Sweden should overhaul its pension legislation to ensure the state pension can keep pace with inflation, according to one of the country’s biggest pension providers.
In a new report, the SEK590bn (€55.9bn) pension fund AMF – which is jointly owned by the Swedish Trade Union Confederation and the Confederation of Swedish Enterprise – also said the trend towards members withdrawing their occupational pensions early in retirement must be halted.
AMF said that, while next year was expected to bring legislation to raise the default retirement age and boost basic financial protection, politicians also needed to safeguard the income protection element of the state pension.
Dan Adolphson Björck, economist at AMF, said: “A higher retirement age is not for everyone, and it is possible to strengthen the public pension without sending the bill to employees or employers. Today, one third of employers’ contributions do not go to pensions and social insurance, but to the state’s budget.”
There was much debate on both sides of the political spectrum about tax reform, he added, so it should also be discussed how much of that went to the public pension.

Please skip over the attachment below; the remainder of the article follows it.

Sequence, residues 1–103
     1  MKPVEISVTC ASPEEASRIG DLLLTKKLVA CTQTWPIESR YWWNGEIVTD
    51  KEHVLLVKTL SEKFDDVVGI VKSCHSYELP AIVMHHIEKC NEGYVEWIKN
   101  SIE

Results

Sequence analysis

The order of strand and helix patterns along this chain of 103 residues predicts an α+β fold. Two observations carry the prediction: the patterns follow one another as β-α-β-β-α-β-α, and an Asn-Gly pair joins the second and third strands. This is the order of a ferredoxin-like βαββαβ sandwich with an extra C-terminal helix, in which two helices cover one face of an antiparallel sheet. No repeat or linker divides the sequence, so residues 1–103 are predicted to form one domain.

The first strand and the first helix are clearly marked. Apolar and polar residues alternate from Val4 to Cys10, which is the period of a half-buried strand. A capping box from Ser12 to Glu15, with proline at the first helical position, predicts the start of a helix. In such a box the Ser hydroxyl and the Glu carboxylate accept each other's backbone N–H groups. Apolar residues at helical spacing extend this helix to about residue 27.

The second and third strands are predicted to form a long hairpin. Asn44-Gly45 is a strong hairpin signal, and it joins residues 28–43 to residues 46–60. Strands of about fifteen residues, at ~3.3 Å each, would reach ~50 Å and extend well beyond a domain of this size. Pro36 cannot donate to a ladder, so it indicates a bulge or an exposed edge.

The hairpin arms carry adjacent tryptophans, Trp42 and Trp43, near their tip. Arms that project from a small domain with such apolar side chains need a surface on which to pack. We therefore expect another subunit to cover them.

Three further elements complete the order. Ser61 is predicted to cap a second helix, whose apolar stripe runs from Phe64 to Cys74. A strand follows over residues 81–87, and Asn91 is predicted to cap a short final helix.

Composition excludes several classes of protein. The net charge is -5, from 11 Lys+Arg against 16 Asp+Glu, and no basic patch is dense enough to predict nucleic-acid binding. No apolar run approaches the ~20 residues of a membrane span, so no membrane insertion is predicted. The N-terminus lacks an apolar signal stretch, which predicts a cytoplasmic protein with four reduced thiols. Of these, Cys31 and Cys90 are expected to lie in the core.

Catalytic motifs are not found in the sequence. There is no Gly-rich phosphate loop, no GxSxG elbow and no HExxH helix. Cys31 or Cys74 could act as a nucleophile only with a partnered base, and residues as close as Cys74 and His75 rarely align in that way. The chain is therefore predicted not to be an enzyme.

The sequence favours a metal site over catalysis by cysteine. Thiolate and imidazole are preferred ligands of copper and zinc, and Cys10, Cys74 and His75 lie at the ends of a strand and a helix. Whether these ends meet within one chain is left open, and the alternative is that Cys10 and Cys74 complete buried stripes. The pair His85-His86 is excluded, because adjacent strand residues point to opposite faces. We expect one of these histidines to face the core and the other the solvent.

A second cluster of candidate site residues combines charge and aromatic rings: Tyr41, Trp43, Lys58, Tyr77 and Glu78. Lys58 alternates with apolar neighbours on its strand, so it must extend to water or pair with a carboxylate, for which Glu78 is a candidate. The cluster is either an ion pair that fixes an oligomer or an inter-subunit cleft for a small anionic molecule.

“Otherwise, the link between a long working life and a reasonable pension risks being reduced for large groups with relatively low wages,” he said.
In its report, AMF outlined five specific proposals for regulatory change, including safeguarding the lifelong income principle of the public pension, harmonising public pensions and occupational pensions, and the introduction of a single occupational pension for individuals regardless of the number of employers they have over their careers.
Adolphson Björck also warned about possible consequences of the trend for Swedes to withdraw their pensions early on in retirement, rather than opting for a lifelong payout stream.
“Taking part of your occupational pension in a short period is undramatic,” he said. “But taking out entire occupational pensions in a few years leads to a large loss of income when one has to manage on the public pension and any private savings alone.”
Information about the benefits of lifelong payments had to be better, he said, particularly with payment rules set to become more flexible in the future.